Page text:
All of the above administration costs and claims need to be paid in cash. A solvent estate is not necessarily a liquid estate. When there is a cash shortfall which the heirs are not able to supplement, the executor may be forced to sell estate assets – of which many are often high value assets being realised to supplement a much smaller cash deficit. The realisation of these assets may often also give rise to a capital gains tax implication which in effect will increase the estate’s tax liability and cash deficit. Needless to say, the cost of realising these assets, for example auctioneer or estate agent fees are not to be forgotten.

The good news is that through efficient estate planning, one is able to circumvent some and substantially reduce many of these costs and ensure sufficient provision for those which are inevitable.

Unfortunately many people underestimate the cost of dying and fail to observe proper estate planning practices. It’s never too early or too late to begin estate planning. By reviewing your will and estate plan on a regular basis you could not only save time and money but also, spare your loved ones the burden of unnecessarily high estate costs and the emotional trauma associated therewith.
Should you require any assistance or further information, kindly contact one of our Estate Planning specialists at office@rgprok.co.za or 044 601 9900.

Written by Kelly Fourie-Barnard.



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I walk into the supermarket to do some shopping. Someone has dropped a bottle in one of the aisles. The cleaners have already started cleaning the floor with a mop. I walk across the slippery surface, my foot slips and I fall. Do I have a claim against the supermarket owners and if so what kind of claim? The answer to this question is not always obvious.

It is generally accepted that customers in a public place such as a supermarket should be able to enjoy undisturbed shopping and that there should be no obstacles that could cause them injury. Liability is however not always a foregone conclusion and some challenges may arise when attempting to prove liability in a court of law.

Although the general rule is that the supermarket owner must ensure that situations which could cause injury to the customer do not come about, it is only human that such situations will nonetheless arisefrom time to time. It is the duty of the owner of the supermarket to ensure that the customer is properly warned against the impending danger. The owner could and probably should, for example, take measures to demarcate or cordon off the dangerous area until the area is safe. At the same time, the client should be mindful of where he/she walks and cannot complain about being injured whilst in a dangerous place if he/she was aware of such danger. .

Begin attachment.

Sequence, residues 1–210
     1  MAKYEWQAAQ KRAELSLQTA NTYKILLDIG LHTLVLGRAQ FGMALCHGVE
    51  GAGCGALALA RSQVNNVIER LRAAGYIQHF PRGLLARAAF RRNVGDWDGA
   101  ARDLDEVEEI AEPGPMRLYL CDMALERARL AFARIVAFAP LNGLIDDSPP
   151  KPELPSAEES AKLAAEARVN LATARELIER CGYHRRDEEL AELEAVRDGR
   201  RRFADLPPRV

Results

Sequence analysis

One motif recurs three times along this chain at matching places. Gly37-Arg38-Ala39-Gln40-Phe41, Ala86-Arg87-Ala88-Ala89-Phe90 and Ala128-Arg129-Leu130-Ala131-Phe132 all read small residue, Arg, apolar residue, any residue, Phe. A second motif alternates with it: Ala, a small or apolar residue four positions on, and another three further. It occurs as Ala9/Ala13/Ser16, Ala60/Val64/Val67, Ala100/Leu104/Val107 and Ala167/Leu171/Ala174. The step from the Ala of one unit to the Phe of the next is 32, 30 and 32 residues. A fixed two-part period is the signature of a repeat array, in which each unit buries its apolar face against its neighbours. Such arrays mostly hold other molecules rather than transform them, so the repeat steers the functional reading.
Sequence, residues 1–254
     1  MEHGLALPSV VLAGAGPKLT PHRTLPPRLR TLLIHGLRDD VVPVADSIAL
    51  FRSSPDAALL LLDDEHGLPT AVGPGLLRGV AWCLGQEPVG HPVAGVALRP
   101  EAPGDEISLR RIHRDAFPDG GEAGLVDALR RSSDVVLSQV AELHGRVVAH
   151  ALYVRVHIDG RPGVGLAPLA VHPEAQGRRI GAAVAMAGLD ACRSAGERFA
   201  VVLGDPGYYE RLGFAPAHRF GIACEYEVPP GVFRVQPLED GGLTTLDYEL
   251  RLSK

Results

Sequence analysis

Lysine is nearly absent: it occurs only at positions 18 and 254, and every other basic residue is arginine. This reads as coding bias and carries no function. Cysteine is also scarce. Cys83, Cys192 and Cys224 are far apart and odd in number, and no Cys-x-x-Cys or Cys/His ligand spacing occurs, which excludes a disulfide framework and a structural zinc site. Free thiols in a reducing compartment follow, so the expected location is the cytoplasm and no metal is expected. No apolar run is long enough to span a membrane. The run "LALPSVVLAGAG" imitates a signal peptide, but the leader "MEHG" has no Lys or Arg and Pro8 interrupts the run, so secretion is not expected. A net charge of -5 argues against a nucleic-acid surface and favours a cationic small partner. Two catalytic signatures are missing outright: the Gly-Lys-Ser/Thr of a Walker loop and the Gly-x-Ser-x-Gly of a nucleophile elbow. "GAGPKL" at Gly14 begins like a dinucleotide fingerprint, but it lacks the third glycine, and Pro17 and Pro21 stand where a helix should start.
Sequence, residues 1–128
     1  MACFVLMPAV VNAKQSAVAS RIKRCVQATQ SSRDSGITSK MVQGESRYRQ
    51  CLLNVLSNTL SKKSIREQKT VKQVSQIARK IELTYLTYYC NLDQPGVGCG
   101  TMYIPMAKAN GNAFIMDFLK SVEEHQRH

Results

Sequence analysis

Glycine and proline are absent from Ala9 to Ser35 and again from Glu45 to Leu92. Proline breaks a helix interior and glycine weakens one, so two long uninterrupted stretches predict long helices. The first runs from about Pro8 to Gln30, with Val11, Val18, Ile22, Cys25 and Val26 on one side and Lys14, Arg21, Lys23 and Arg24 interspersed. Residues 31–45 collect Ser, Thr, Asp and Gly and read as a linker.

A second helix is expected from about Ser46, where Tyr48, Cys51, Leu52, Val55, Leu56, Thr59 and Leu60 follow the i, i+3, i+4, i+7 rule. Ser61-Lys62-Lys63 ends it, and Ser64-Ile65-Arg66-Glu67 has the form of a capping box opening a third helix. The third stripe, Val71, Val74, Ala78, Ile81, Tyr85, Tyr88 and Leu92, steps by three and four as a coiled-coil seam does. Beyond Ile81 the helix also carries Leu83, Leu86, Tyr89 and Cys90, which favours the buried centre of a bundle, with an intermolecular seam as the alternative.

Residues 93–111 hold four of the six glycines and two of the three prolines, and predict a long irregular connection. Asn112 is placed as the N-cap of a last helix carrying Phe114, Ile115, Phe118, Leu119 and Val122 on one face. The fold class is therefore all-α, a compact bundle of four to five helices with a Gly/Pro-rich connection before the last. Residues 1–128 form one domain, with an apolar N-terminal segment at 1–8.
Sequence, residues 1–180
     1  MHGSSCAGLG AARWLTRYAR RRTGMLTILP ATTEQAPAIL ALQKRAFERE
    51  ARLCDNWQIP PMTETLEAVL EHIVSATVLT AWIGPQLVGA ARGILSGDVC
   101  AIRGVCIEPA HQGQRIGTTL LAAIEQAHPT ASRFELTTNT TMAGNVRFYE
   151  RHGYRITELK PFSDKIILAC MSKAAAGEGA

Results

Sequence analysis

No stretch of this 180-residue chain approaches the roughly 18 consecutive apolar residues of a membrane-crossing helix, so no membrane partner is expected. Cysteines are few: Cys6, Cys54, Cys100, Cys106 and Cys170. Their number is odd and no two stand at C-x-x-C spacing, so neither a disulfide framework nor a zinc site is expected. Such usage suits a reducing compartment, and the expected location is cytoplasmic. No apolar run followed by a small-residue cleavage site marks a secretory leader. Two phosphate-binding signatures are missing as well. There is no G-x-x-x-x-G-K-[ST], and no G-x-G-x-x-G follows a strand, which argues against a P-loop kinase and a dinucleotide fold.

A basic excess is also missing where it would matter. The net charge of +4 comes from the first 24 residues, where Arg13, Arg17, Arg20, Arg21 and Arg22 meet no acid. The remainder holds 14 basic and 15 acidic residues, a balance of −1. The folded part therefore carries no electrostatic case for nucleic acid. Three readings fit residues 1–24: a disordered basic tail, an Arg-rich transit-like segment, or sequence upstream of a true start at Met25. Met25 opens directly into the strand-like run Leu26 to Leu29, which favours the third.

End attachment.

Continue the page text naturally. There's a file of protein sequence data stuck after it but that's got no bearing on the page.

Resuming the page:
Furthermore, a causal nexus must exist between the damage or injury suffered and the negligence of the supermarket owner. For example, if I fall and break my ankle, I cannot then also make a claim for the hip replacement that I had to undergo a year ago.

General damages that include pain, suffering, discomfort and emotional shock may be claimed. This type of damages is abstract in nature and is determined by looking at previous court cases where persons suffered similar types of injuries. Medical expenses and loss of income are further possible damages that may be proved. In addition thereto, a person may also claim for future medical expenses and future loss of income. The last mentioned types of damages are normally proven by presenting expert reports and evidence.

If a customer breaks his glasses or damages a cell phone in the process, he / she may also claim the repair or replacement value of such item.

For more information, contact Barend Kruger at 044 601 9900 or e-mail to office@rgprok.co.za.